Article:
NEW YORK — After 25 games, at 19-6, we can stop wondering if the Knicks are good enough to host a first-round playoff series.
Knicks fans should start thinking much bigger than that, because the ‘Bockers haven’t been this good in a long, long time.
The last time the Knicks won at least 19 of their first 25 games, Phil Jackson was a 27-year-old backup power forward and Walt Frazier was still searching for his second championship ring. (He’d get it later that season).
It was all the way back in 1972-73, when the Knicks began the season 20-5.
Three years prior, the Knicks enjoyed what remains the best 25-game start in franchise history — 22-3.
The reason why that’s important? Those just so happened to be the only two times the Knicks won the NBA championship.
Pretty much everyone 50 and under in New York has no memory of the team winning a title.
In franchise history, the Knicks began a season 18-7 seven times and didn’t win the title in any of those seasons. So if Knicks fans are looking for some extra reason to believe in their team, there you have it: 19-6.
Though rather minuscule in the grand scheme of things, Carmelo Anthony has led his team to a place Patrick Ewing never could. But the best news for this Knicks team and their title odds is the fact that Amar’e Stoudemire’s return is imminent.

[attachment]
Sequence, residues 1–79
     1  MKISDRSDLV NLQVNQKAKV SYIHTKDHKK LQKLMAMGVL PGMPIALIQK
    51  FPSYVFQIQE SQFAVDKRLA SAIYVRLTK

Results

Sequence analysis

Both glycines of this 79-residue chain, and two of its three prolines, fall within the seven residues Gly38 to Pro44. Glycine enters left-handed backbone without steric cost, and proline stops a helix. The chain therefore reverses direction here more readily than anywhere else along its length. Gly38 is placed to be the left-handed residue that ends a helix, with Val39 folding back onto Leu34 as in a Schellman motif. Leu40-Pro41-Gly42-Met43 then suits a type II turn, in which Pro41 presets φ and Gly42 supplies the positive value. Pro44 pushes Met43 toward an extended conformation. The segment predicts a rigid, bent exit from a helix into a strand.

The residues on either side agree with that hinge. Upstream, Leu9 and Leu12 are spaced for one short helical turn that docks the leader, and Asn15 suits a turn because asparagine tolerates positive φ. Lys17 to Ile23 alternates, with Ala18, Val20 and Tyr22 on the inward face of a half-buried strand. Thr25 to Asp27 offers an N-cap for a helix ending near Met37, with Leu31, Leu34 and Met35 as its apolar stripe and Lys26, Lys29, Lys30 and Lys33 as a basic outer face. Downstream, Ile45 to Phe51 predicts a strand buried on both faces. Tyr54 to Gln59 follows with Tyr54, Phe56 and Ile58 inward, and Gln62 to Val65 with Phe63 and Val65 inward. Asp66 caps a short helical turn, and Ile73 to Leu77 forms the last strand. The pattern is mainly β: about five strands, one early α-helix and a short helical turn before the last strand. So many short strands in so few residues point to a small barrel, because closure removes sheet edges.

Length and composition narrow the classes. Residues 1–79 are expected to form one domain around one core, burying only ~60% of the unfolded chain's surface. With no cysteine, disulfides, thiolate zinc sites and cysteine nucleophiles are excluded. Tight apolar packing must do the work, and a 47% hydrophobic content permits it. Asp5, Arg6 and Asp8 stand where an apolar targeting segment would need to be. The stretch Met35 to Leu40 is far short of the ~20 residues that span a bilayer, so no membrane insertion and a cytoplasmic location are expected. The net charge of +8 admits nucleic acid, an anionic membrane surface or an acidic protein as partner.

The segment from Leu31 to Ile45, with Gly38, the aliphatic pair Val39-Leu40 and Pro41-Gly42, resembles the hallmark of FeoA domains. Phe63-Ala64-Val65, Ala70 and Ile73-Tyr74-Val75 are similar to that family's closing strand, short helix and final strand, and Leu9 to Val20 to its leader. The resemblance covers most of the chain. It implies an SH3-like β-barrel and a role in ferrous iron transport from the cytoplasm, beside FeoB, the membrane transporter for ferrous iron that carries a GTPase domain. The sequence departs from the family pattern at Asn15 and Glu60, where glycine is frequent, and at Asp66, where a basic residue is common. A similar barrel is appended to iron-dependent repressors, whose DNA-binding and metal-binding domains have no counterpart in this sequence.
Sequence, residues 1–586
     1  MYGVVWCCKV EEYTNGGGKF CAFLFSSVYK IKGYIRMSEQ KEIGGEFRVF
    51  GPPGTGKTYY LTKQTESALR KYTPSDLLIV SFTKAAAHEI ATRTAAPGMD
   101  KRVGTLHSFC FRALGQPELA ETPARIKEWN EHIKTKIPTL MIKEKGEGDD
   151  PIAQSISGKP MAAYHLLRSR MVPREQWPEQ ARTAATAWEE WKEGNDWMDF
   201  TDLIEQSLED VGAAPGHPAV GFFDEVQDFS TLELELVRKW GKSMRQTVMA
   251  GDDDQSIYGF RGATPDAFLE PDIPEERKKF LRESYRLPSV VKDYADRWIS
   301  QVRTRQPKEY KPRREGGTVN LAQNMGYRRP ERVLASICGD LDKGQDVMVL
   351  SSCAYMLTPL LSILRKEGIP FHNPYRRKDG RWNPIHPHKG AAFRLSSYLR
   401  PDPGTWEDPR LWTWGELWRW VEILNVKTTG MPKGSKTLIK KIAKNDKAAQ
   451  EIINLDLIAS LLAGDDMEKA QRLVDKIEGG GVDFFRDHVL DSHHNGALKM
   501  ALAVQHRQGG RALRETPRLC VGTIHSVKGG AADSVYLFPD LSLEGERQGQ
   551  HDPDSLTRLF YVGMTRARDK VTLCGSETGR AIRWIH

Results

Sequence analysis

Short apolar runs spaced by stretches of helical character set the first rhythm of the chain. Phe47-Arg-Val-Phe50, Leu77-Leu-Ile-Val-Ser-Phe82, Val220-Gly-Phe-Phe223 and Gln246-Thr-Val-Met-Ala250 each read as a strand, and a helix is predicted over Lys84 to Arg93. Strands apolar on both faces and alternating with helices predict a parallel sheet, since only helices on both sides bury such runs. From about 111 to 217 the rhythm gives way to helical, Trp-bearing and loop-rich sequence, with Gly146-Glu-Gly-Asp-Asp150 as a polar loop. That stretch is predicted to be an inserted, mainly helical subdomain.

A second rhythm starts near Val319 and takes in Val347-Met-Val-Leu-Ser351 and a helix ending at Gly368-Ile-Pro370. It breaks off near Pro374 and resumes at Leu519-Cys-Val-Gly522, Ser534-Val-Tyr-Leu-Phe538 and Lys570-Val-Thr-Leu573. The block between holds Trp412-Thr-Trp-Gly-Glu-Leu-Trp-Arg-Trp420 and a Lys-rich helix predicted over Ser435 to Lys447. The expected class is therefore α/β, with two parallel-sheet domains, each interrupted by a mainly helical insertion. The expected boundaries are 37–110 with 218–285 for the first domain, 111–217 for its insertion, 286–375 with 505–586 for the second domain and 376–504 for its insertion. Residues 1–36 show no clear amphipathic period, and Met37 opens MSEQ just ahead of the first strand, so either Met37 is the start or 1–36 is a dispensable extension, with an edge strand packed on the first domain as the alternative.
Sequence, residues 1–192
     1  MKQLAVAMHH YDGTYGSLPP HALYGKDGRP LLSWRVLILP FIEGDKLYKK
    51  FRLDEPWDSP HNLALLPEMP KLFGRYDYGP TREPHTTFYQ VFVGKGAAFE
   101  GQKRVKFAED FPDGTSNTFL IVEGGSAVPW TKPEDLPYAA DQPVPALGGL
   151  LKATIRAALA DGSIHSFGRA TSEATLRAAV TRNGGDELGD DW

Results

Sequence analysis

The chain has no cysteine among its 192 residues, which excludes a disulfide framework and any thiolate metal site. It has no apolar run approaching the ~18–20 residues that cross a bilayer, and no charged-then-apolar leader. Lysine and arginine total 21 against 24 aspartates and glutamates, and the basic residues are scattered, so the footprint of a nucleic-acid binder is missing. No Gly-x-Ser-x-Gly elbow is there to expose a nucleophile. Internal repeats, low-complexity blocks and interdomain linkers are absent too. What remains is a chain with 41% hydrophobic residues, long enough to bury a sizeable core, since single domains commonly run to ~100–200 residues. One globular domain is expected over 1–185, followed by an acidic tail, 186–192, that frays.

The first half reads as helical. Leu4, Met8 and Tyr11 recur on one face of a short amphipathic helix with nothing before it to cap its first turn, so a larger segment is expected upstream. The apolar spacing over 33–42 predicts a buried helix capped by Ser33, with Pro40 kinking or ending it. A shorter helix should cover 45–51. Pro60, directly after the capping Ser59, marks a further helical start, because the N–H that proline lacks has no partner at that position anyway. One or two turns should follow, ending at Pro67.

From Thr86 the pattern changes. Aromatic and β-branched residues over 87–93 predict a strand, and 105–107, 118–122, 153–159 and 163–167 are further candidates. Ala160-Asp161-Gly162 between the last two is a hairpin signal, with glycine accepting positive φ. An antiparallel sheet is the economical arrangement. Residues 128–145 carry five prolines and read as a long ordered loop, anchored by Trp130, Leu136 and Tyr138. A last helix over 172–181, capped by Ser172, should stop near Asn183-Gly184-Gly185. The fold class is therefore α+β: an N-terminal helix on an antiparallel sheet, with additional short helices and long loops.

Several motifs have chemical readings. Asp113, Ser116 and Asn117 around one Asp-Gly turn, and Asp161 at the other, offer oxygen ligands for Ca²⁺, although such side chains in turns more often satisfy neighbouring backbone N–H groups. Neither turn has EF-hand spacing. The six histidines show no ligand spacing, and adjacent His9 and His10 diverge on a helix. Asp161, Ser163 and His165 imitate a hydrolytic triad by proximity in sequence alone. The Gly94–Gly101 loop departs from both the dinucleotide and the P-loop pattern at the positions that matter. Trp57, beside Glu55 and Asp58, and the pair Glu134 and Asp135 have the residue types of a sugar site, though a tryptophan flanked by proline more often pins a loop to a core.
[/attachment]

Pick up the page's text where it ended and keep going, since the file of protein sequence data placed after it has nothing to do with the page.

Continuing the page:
Though Stoudemire and Anthony have yet to prove that they can consistently excel together, the prospect of adding a talent such as Stoudemire to the rotation is cause for excitement.
It should be welcomed, not feared.
At the very least, Stoudemire will provide the Knicks with another offensive weapon that teams will have to game plan and prepare for. But at most, he could be the final piece of the Knicks championship puzzle, it really all depends on what he is able to do on the court.
After the Knicks defeated the Nets on Wednesday night, I spoke with J.R. Smith and asked him—quite bluntly—what has gotten into him. Smith, along with Anthony, is playing the best basketball of his career.
He, too, has lost weight since last season. He’s been especially focused on the defensive end.
“I just don’t want to disappoint my coach. I want to fulfill his expectations, especially on he defensive end,” Smith said.
Credit coach Woodson for that. Somehow, he’s been able to reach both Smith and Anthony. Both have cited him and his leadership and his ability to galvanize his team toward a common goal as being partially responsible for their success.
Now consider: What if Woodson can have the same effect on Stoudemire?